May 9th, 2016 5:25 AM by Jackie A. Graves, President
Are you a first-time homebuyer eager to get into
the market? Here are steps to decide whether you're ready to take the plunge.
1. Check the selling
prices of comparable homes in your area. Do a
quick search of actual multiple listing service, or MLS, listings in your area
on a number of websites, including the National Association of Realtors.
2. Use Bankrate's mortgage calculator to get an idea of what your monthly mortgage payments would
be if you bought today.
3. Find out what your
total monthly housing cost would be, including taxes
and homeowners insurance. In some areas, what you'll pay for your taxes and
insurance escrow can almost double your mortgage payment.
To get an idea of what you'll pay in insurance,
pick a property in the area where you want to live and make a call to an
insurance agent for an estimate. You won't be obligated to get the insurance,
but you'll have a good idea of what you'll pay if you do buy. For an idea of
what you'll pay in taxes, check your property appraiser's website. Just
remember that exemptions and the intricacies of local tax law can create
differences between what a homeowner is currently paying and what you can
expect to pay as a new homeowner.
4. Find out how much
you'll likely pay in closing costs. The upfront cost
of settling on your home shouldn't be overlooked. Closing costs include
origination fees charged by the lender, title and settlement fees, taxes and
prepaid items like homeowners insurance or homeowners' association fees. You
can see what closing costs average in your state by looking at Bankrate.com's annual closing cost survey.
5. Look at your budget and determine how a house fits into it. Fannie Mae
recommends that buyers spend no more than 28% of their income on housing costs.
Go much past 30% and you risk becoming house-poor.
6. Talk to reputable
Realtors in your area about the real estate
climate. Do they believe prices will continue falling or do they think your
area has hit bottom or will rise soon?
7. Remember to look at
the big picture. While a buying a
house is a great way to build wealth, maintaining your investment can be
labor-intensive and expensive. When unexpected costs for new appliances, roof
repairs and plumbing problems crop up, there's no landlord to turn to, and
these costs can quickly drain your bank account.
So consider whether you're ready for the expense
and effort of homeownership before pulling the trigger.
Prepare for the hunt
If the numbers make sense for you, taking a few
steps at the beginning of the homebuying process can save you time, money and
1. Examine your
credit. Right now, blemished credit or the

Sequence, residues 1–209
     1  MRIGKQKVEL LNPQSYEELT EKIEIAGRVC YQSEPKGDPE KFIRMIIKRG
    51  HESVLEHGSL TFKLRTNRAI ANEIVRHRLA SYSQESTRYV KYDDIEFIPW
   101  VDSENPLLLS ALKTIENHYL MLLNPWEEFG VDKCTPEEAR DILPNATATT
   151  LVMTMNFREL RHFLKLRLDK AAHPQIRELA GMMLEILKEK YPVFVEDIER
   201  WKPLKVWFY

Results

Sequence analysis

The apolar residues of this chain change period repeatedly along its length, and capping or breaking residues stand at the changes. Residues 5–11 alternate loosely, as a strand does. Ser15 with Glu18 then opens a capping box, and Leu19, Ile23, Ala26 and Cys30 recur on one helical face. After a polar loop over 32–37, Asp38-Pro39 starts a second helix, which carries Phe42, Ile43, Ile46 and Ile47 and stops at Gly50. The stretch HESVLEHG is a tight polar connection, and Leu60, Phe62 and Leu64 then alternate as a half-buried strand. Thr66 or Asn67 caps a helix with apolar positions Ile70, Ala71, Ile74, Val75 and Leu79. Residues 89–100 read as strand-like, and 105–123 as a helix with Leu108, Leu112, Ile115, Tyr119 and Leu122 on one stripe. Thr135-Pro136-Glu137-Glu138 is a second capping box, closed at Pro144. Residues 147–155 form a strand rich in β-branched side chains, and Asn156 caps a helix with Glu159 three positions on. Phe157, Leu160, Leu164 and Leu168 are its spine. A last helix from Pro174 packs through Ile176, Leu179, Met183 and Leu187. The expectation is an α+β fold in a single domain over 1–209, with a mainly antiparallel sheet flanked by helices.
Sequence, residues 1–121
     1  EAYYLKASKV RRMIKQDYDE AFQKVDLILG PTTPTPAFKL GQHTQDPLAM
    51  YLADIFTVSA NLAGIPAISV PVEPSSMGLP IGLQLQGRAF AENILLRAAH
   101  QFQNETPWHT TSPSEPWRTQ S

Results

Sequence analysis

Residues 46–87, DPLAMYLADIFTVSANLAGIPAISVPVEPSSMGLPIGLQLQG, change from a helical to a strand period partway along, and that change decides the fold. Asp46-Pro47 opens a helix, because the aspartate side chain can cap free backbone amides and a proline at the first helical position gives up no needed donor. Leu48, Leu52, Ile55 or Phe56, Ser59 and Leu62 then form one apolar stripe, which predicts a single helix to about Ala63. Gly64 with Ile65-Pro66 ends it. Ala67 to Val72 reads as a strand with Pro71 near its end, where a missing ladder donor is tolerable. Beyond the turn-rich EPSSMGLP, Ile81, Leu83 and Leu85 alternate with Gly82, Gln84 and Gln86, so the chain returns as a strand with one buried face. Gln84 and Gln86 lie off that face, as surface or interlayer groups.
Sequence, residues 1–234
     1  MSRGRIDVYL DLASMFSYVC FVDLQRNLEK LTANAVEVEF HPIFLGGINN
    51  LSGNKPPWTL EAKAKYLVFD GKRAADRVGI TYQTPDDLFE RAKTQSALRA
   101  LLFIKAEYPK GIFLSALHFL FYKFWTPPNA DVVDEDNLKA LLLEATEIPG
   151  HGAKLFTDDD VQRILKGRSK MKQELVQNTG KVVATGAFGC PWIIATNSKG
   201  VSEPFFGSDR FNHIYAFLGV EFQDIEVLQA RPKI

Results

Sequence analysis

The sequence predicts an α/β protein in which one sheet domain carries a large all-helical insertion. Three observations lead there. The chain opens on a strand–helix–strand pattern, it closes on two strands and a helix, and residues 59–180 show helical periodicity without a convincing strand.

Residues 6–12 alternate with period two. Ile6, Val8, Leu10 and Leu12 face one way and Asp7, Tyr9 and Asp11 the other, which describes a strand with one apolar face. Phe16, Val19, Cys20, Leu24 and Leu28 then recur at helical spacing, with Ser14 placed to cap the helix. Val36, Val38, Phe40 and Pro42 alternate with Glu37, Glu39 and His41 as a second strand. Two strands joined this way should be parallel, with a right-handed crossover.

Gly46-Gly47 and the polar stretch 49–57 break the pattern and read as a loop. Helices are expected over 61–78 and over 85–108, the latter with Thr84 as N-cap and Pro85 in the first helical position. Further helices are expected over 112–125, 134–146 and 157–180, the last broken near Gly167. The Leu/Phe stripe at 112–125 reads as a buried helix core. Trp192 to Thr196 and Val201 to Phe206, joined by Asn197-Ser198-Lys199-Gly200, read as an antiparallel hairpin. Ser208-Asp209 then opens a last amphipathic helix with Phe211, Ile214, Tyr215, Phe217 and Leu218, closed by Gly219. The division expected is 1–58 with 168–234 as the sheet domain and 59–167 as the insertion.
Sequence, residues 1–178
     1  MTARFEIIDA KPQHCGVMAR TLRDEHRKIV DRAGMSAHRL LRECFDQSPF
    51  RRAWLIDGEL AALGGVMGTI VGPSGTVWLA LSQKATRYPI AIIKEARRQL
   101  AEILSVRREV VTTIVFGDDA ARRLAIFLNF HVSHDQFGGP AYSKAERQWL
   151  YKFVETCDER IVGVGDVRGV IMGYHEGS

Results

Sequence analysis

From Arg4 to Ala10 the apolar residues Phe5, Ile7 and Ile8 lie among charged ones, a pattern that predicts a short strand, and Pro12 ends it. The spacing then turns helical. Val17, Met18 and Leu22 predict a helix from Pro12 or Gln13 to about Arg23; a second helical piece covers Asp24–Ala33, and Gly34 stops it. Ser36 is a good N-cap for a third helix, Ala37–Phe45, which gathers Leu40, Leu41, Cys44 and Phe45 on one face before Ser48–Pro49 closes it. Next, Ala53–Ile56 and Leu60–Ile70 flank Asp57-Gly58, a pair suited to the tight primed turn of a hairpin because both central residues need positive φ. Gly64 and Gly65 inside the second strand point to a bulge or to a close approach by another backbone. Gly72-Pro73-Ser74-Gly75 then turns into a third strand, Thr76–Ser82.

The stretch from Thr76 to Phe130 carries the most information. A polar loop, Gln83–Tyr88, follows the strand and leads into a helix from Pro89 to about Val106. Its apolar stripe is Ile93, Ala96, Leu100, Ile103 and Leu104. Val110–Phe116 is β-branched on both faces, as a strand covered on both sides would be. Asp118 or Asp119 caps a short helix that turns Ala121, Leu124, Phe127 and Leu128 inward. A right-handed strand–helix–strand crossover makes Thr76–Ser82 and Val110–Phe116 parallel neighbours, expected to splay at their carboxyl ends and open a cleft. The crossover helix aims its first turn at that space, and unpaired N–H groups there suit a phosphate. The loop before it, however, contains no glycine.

inability to make substantial down payment can put the kibosh on your
homeownership plans. That's why it pays to look at your creditworthiness early
in the home-buying process. Get your free annual credit report and comb through
it for errors and unresolved issues. If you find mistakes, contact the credit
reporting bureau to make sure they are corrected. It's also a good idea to get
your FICO score, which will cost you a small fee.
Here's another thing to inspect: your credit
report. Get your credit report and score today, free
and with no obligation, at myBankrate.
2. Get your docs in a
row. Collect pay stubs, bank account
statements, W-2s, tax returns for the past 2 years, statements from current
loans and credit lines, and names and addresses of your landlords for the past
2 years. Have them ready to show to the lender. This may seem like a lot, but
in this age of tight credit, don't be surprised if your lender needs a lot in
the way of documentation.
3. Find lenders and
get preapproved. Getting
preapproved for a mortgage helps you bargain from a position of strength when
you are house hunting. The institution where you bank and a local credit union
are good places to start your search. Use
Bankrate's mortgage rates tool to find lenders offering the
best rates in your area. Applying to multiple lenders in the same month helps
increase your chances of getting a loan approved at the best rate possible
without dinging your credit score too much.
4. If at first you
don't succeed, try, try ... the government? If
you can't find a bank willing to lend to you -- and in the current tight credit
market, it's possible you won't -- consider getting an FHA loan. The Federal
Housing Administration has a program that insures the mortgages of many
first-time homebuyers. As a result of this guarantee, lenders who might
otherwise feel queasy about your qualifications will be more inclined to lend
to you. As a bonus, the FHA requires a down payment of only 3.5% from
By Claes Bell, CFA - To view the original
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